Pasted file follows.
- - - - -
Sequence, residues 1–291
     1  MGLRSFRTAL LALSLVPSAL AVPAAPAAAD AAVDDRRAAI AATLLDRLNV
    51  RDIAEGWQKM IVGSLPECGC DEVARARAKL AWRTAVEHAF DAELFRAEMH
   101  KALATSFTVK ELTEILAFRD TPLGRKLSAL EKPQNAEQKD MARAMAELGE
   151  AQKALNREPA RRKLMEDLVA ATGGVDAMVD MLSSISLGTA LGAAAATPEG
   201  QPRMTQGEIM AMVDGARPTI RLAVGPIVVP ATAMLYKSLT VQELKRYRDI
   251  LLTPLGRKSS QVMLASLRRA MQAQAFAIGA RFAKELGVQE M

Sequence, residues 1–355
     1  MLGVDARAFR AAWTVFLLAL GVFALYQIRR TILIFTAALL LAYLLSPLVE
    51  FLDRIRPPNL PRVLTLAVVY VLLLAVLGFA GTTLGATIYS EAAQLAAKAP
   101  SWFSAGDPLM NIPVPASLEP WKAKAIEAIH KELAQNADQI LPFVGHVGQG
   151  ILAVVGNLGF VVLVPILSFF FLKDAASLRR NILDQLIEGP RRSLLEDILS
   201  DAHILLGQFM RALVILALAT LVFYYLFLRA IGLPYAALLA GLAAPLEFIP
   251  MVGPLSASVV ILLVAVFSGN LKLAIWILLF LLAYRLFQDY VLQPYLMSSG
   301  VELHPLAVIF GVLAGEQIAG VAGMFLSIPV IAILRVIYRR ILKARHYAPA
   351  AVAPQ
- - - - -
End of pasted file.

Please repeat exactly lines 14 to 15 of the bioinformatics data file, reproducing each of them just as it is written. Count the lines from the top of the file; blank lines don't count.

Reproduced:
   251  MVGPLSASVV ILLVAVFSGN LKLAIWILLF LLAYRLFQDY VLQPYLMSSG
   301  VELHPLAVIF GVLAGEQIAG VAGMFLSIPV IAILRVIYRR ILKARHYAPA